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Why You Shouldn't Listen to Naomi Osaka About 'Mental Health'

Why You Shouldn't Listen to Naomi Osaka About 'Mental Health'

Naomi Osaka writing in Time Magazine about her decision to withdraw from the 2021 French Open:

“In my opinion, the press conference format itself is out of date and in great need of a refresh. I believe that we can make it better, more interesting, and more enjoyable for each side. Less ‘subject vs. object’, more ‘peer-to-peer’… Perhaps we should give athletes the right to take a mental break from media scrutiny on a rare occasion without being subject to strict sanctions… I have numerous suggestions to offer the tennis hierarchy, but my No. 1 suggestion would be to allow a small number of 'sick days' per year where you are excused from your press commitments without having to disclose your personal reasons. I believe this would bring sport in line with the rest of society.”

Doug Gottlieb: “Naomi Osaka complaining about the media and the press conferences is no different than a janitor complaining about cleaning up crap in a bathroom. Like, you did know it was ‘janitorial service’, right? It’s part of the job requirements. This [talking to the press] is the only ‘job hazard’ she has. THAT’S IT. So I’m sorry, I don’t think this is about ‘mental health’ and I don’t think you get a ‘mental health day’. And oh by the way, SORRY, we DO judge athletes differently than we do anybody else. It’s not just your physical abilities that you can do that we can’t, it’s your mental abilities that you do thing that we can’t… It’s not that I’m not sympathetic, but I said this last week about Aaron Rodgers. We conflate the ‘I need a mental health break.’ Look, do I want you to be healthy mentally? Absolutely, I’m not some Satanist who’s like ‘I WANT YOU ALL TO BE SCREWED UP IN THE HEAD!’, but part of sports is pushing through, that’s mental toughness. It’s pushing through when you’re not feeling like doing it, and getting yourself to the gym and the court, and you’re going and DOING it. You gotta have that same mentality with the media. How do I maintain my poise, maintain my composure, get through these next 15 minutes, walk out with the a smile, and then go about my day. We’re not asking that much of you. And the mental health awareness we’re preaching – bro, we’re not talking about suicide and major depression, and people not being able to get out of their bed. These things are REAL problems… You want your cake and eat it too. ‘I want the media to write these loving and glowing stories, but I don’t actually want to communicate with the media, especially after a tough match in which I don’t play well because it makes me feel bad.’ Well, that ain’t the media’s fault that is makes you feel bad that you have to answer questions about a match… Their intentions are simply to promote the sport that they probably like that they always cover, and you’re going to do the ‘mental health’ thing? I’m not down with that.”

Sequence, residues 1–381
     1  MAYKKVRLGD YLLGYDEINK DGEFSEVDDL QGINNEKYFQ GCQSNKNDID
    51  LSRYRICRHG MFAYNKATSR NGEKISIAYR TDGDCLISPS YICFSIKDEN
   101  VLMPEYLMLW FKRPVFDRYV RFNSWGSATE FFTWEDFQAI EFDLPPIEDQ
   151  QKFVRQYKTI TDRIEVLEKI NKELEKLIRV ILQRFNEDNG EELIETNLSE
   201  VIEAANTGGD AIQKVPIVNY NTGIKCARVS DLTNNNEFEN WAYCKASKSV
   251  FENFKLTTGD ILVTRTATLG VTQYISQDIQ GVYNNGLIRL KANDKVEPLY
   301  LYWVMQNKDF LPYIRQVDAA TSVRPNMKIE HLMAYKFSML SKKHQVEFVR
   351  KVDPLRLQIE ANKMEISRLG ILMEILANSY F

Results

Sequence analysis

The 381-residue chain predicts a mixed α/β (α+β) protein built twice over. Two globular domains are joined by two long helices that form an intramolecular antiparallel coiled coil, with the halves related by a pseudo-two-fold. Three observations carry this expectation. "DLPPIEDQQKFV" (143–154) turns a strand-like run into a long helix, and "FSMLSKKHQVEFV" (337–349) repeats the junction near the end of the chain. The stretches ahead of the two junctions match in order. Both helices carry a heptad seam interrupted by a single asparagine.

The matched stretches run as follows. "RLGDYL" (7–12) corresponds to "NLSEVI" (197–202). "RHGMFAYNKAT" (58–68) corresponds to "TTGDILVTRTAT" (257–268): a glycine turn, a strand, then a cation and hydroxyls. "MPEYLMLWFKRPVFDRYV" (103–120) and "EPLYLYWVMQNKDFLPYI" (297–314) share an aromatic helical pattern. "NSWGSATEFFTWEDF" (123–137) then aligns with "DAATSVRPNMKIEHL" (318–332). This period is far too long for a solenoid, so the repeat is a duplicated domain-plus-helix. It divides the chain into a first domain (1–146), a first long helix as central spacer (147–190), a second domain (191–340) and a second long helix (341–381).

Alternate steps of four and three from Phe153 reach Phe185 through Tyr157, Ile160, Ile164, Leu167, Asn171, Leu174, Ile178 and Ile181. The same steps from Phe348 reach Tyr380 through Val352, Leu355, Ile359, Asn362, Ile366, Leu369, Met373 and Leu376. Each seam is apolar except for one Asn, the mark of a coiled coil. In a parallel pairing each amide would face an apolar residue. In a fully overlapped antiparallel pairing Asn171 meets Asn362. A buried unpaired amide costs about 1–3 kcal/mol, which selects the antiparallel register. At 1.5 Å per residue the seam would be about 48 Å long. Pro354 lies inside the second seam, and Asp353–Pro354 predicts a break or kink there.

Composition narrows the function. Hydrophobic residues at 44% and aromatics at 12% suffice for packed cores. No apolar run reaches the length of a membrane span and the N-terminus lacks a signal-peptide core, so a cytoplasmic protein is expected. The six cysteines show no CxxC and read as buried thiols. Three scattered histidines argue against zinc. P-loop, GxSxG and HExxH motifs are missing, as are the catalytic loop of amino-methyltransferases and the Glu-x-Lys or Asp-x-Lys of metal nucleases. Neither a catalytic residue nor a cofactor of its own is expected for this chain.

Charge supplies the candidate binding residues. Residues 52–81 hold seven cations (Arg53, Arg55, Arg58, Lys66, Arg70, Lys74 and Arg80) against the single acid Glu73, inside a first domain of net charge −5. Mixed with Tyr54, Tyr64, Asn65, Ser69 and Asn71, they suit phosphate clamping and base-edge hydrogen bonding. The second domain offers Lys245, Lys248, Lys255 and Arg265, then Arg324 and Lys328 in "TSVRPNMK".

Listen to Doug Gottlieb discusses former no. 1 women’s tennis player Naomi Osaka’s recent column in Time Magazine titled ‘It’s OK to Not Be OK’, detailing her reasons for dropping out of last month’s French Open because of ‘mental health’ concerns that centered around her refusal to do post-match interviews.

Check out the audio above as Gottlieb details why an athlete being uncomfortable while answering questions during a press conference after a tough loss doesn't have anything to do with 'mental health.'

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